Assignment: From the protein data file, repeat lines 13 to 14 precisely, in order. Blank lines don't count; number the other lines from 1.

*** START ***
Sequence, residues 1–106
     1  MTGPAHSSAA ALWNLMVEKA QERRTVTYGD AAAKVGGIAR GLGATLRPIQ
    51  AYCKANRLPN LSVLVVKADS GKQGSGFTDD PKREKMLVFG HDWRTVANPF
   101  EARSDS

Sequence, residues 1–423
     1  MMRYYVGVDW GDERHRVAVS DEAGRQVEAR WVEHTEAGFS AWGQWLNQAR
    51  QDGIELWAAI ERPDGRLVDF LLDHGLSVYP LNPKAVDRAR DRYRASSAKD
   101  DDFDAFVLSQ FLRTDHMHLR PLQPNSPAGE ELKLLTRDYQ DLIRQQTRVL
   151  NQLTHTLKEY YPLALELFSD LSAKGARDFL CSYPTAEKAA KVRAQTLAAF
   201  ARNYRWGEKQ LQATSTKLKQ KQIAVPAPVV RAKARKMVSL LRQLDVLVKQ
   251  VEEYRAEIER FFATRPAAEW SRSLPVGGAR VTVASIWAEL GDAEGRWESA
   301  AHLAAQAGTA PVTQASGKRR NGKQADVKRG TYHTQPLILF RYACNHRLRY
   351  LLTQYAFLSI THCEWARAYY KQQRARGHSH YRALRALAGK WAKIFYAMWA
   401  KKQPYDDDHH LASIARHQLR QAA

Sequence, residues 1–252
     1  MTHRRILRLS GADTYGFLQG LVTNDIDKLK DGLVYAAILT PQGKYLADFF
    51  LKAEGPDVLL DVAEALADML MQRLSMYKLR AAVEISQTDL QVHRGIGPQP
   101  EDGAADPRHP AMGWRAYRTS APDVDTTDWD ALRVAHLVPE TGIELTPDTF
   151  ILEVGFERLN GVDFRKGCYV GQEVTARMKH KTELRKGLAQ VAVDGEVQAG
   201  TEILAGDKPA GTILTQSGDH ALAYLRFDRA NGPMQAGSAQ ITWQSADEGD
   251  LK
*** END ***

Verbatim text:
   351  LLTQYAFLSI THCEWARAYY KQQRARGHSH YRALRALAGK WAKIFYAMWA
   401  KKQPYDDDHH LASIARHQLR QAA